Yet he is still held in scorn. In part, Welker is stuck in his "Yankee Johnny Damon" phase. As long as he plays with Denver, he won't generate the same "warm and fuzzies" as Thornton.

But it's more than that.

Far more.

Wes Welker - GIzele

Welker's "drop" late in Super Bowl XVLI remains for the moment the defining part of his Patriots legacy. This is not fair, nor accurate. But sports doesn't force us to use logic when ranking our "bests" and "worsts." Emotion and irrationality matter as much as facts and stats. All those catches. All those yards after the catch. All those blocks and hits. All those concussions. Wiped out for many of us by one ball that was both overthrown and catchable.

As Colin R. on Facebook noted, "Thornton dropped the gloves. Welker dropped the ball."

Welker was a very good player. But a greater one would have made that play, especially on a ball that wasn't perfectly thrown. Sadly, Brady cannot throw the ball and catch the ball. Conversely, Welker cannot catch the ball and throw the ball.

That play will be hotly debated until about 2050. Was it Brady's fault? Welker's fault? Or SpyGate's fault? It sits high on the list of all-time Boston gags, somewhere behind Bob Stanley and Bill Buckner's dual effort in Game 6 against the Mets.

Welker continues to have Brady in his corner. Many, including me, think it's time for Welker to retire before the NFL robs him of the ability to function long-term as a human being. Brady would not answer that question when asked during his weekly sponsored appearance on WEEI's "Dennis and Callahan" show on Monday. But the pause in his answer left the door wide open to what was in his mind. It was chilling to see him sitting on the Broncos' bench, looking aimlessly into something Sunday night. He was, both literally and figuratively, a broken man.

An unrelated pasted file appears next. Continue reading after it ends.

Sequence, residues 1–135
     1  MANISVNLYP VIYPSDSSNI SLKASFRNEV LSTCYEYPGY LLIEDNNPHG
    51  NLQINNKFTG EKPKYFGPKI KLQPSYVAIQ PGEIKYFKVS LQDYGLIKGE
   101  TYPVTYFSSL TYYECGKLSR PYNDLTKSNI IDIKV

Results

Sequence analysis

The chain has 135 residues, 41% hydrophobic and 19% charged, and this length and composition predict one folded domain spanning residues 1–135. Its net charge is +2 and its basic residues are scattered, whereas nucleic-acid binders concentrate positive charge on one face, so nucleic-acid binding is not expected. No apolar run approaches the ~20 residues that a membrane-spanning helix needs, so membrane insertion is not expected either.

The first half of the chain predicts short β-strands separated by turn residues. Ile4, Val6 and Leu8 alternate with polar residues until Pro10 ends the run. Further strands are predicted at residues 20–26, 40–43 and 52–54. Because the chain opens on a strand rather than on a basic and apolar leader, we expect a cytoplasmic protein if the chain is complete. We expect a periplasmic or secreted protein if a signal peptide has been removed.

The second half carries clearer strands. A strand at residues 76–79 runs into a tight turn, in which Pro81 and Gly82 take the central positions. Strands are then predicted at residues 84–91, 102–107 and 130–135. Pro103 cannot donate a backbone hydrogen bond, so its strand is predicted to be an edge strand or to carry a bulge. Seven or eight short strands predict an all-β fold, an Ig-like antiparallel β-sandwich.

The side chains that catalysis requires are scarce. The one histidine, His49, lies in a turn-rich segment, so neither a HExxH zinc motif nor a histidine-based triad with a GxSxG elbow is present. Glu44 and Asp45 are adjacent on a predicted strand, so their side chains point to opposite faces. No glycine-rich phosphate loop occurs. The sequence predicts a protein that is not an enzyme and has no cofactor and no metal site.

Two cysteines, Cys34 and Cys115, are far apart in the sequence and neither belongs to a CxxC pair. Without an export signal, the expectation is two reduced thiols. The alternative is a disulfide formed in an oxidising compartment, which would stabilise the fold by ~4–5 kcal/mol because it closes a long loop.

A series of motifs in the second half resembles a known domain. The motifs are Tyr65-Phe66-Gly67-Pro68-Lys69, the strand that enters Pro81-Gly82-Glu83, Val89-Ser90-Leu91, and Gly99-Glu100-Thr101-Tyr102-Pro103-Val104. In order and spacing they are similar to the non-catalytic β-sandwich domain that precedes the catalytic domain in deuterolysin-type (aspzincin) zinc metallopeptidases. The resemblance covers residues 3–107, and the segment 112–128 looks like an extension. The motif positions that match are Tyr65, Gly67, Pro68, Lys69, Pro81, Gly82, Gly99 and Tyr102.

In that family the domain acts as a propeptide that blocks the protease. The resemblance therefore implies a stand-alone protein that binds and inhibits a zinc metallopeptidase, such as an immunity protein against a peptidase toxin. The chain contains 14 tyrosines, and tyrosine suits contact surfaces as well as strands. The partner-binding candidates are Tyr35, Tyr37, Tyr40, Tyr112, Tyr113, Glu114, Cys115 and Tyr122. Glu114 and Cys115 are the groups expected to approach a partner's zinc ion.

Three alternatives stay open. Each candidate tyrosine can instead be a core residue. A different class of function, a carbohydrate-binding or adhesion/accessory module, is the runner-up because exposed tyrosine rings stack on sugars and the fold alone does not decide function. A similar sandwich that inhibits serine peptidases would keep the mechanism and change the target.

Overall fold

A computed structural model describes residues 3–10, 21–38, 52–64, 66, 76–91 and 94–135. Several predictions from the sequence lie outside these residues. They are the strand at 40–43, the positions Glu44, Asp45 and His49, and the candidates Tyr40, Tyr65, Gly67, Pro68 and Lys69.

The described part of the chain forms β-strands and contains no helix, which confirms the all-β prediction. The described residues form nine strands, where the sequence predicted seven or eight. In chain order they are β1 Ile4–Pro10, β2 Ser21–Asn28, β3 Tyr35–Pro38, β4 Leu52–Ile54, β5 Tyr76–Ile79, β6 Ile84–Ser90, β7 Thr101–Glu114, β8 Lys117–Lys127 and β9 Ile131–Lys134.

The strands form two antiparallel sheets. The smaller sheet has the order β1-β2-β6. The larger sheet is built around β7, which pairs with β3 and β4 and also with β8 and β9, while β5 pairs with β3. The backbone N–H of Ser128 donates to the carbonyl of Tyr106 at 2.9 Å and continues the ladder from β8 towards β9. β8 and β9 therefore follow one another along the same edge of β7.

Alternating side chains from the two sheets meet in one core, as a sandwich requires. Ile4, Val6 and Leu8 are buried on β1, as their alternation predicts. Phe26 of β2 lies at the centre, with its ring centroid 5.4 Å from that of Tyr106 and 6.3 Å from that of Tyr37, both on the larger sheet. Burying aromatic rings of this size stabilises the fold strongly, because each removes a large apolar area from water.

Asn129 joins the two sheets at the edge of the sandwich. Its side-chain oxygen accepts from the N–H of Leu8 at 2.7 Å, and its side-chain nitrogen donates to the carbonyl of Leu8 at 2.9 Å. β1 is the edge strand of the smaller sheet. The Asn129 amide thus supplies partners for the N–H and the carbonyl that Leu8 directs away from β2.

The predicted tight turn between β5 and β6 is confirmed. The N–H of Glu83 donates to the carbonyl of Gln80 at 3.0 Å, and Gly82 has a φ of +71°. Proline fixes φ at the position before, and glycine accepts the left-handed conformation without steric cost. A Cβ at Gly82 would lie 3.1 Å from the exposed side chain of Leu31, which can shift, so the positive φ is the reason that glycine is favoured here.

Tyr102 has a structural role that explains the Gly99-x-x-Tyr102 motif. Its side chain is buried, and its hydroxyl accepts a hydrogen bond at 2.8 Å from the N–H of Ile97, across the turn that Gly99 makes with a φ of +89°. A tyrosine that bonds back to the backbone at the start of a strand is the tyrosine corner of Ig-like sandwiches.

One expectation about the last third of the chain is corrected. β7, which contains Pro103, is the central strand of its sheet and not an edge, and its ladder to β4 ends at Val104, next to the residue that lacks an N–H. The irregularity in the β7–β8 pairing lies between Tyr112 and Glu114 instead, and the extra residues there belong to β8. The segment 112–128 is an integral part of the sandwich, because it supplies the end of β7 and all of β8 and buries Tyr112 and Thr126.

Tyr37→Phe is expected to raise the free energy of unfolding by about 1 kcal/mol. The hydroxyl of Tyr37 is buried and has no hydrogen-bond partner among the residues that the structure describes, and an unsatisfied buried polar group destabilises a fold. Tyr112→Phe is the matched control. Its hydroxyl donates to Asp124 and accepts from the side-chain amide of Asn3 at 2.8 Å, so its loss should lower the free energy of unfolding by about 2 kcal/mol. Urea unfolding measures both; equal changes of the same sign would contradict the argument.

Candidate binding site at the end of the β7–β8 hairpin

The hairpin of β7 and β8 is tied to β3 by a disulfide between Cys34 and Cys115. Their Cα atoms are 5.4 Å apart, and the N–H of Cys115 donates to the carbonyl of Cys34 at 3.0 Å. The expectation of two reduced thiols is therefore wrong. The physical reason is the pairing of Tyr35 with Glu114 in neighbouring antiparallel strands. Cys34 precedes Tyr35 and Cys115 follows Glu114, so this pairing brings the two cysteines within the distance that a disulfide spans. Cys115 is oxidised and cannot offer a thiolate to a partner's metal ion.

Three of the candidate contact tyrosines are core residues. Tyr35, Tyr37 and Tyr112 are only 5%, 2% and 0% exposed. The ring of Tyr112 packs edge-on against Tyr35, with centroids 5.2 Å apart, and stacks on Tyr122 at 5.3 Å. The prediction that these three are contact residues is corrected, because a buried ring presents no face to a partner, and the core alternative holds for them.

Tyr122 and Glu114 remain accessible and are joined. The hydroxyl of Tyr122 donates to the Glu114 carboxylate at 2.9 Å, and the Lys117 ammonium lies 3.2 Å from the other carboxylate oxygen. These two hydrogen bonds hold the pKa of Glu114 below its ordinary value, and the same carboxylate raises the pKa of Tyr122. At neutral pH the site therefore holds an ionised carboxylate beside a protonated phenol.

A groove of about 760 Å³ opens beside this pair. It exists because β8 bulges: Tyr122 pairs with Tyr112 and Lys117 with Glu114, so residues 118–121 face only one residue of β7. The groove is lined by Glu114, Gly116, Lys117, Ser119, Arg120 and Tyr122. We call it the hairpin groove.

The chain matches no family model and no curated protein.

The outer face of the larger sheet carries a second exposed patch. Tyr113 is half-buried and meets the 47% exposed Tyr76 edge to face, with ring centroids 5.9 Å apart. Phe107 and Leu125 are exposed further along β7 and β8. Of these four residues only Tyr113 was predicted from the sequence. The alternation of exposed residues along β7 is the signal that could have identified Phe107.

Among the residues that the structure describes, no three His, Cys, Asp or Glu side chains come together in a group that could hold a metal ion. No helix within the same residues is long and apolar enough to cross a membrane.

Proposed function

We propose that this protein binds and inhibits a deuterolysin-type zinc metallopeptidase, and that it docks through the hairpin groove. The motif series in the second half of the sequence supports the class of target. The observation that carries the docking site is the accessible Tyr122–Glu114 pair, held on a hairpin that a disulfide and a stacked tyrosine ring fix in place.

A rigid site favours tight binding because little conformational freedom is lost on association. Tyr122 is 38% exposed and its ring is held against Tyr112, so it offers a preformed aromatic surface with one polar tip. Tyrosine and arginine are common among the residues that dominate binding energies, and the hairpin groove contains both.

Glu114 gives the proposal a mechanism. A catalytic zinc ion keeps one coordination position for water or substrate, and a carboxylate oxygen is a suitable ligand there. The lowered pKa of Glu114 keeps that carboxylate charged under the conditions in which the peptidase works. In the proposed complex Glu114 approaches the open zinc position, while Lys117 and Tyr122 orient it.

Nothing will wipe Welker's slate clean quicker than an elusive fourth Super Bowl trophy in New England. It quite literally slipped through his fingers in Indianapolis three years ago.

Buckner, and all the other members of the Red Sox who never won a World Series, found redemption in 2004, '07 and '13. Fenway Park gave Buckner a much-deserved and too-long-delayed rousing ovation on Opening Day 2008. All was forgiven, even if there was little reason for it.

Once Welker comes to his senses and retires to save his brain and body, he will get his day at Gillette Stadium. The Patriots should retire his number and place him in their Hall of Fame. When he is formally feted in Foxborough, there will be hugs from Bob Kraft, current and former teammates, and everyone else on the team's hierarchy. Yes, even from Bill Belichick. Brady will no doubt shepherd his former teammate and current friend through the ceremony.

There might even be a nice tribute video, too. One thing is certain, there will be ample and abundant applause. And Wes Welker will finally get his due in New England.


The OBF column is written by award-winning journalist and Bay State native Bill Speros. Bill has written and reported for ESPN, CBSSports.Com and was a sports/deputy sports editor at several metro daily newspapers. Reach Bill on the OBF Facebook page, on Twitter @realOBF or at his
OBF email Address
. Thanks always for reading.